But the moratorium could be what's needed to open broader opportunities in school construction.
Only certain types of projects qualify for the so-called PlanCon funds, and the state share varies widely from district to district. The process itself is cumbersome and the funding formula arcane.
Critics note that PlanCon drives districts into choosing options more expensive than taxpayers need or want, since basic renovations like rewiring, replacing mechanical systems or new roofs don't qualify. Under PlanCon, it makes more "sense" to gut a sound building needing only upgrades — or abandon it altogether and start new.
So we think it's smart to impose a nine-month moratorium on PlanCon funding to review the program.
To be sure, fear that this may be the first step in killing PlanCon altogether is reasonable. Adhering to his "no tax increase" pledge, Gov. Corbett must resort to cuts somewhere to rein in the state budget.
But simplifying the PlanCon process could be a major step toward ensuring that scarce resources are used effectively and efficiently. And there is nothing in the meantime to stop districts from initiating new, more streamlined building projects on their own.
Moreover, the Legislature has renewed incentive to tackle the elephant in the room: prevailing wage. Under current law — passed in 1961 — all projects costing more than $25,000 must be bid with this requirement. In testimony before the House Education Committee last year, the Pennsylvania School Boards Association said that "flexibility" in the bidding process would help get more tax dollars into the actual classroom. This is what PSBA meant.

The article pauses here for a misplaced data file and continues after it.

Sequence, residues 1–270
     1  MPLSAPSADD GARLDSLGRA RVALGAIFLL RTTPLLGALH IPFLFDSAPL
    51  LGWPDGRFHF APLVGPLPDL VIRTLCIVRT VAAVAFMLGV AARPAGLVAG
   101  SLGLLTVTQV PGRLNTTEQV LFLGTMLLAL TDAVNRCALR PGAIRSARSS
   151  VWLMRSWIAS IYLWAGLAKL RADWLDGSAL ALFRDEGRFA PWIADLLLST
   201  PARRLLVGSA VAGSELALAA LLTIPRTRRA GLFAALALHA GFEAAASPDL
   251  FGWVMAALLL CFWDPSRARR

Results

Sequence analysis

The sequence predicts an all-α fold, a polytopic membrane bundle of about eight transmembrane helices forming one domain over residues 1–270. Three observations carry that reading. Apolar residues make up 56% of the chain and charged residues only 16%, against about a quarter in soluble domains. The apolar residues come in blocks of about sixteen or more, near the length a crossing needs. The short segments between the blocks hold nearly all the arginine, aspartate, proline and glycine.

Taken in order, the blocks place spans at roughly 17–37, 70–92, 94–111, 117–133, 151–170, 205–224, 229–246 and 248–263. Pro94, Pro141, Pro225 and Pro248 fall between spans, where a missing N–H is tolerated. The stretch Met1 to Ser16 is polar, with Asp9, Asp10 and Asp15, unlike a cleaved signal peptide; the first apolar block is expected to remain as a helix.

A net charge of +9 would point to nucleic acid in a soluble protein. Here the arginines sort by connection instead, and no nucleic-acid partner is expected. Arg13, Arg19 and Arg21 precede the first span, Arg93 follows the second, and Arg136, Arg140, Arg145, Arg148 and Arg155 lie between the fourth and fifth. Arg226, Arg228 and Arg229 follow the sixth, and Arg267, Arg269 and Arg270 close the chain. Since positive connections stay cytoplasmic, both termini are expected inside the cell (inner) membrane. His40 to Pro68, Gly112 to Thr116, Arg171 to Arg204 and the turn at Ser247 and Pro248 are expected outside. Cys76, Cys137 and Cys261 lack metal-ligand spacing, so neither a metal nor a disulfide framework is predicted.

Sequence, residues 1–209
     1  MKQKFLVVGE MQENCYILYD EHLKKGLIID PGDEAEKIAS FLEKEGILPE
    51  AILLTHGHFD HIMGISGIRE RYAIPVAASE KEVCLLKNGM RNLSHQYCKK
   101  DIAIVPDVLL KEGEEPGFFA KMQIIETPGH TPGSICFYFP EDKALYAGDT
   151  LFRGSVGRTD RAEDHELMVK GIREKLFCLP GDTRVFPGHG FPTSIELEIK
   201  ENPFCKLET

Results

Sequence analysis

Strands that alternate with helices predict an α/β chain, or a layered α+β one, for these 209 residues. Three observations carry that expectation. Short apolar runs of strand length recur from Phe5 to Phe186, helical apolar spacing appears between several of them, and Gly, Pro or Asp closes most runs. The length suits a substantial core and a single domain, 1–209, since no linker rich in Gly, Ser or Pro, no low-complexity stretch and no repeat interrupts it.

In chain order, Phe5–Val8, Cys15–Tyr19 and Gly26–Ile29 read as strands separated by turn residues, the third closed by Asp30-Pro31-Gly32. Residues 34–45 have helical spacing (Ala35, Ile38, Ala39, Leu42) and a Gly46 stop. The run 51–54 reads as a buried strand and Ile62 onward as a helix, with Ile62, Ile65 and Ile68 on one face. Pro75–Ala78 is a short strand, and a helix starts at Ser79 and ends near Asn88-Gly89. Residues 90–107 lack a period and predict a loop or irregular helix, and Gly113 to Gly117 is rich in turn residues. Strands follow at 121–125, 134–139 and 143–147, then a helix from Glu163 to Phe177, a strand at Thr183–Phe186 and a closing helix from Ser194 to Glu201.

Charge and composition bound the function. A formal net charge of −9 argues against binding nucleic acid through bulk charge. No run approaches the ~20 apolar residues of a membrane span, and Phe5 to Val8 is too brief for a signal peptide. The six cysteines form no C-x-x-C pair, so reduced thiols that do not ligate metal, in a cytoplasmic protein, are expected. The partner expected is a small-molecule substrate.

Having to pay the artificially higher wage adds as much as 20 percent to a public construction project, the Commonwealth Foundation estimates — costing school districts upward of $400 million a year.
In other words, unshackled from those higher costs, more districts would actually come out ahead, even if PlanCon money went away entirely.
That's something the construction industry should be cheering for. The Legislature failed to enact prevailing wage reform earlier this year. Perhaps pressure from school officials, and taxpayers who want what's best for districts without breaking the bank, will finally goad lawmakers to act.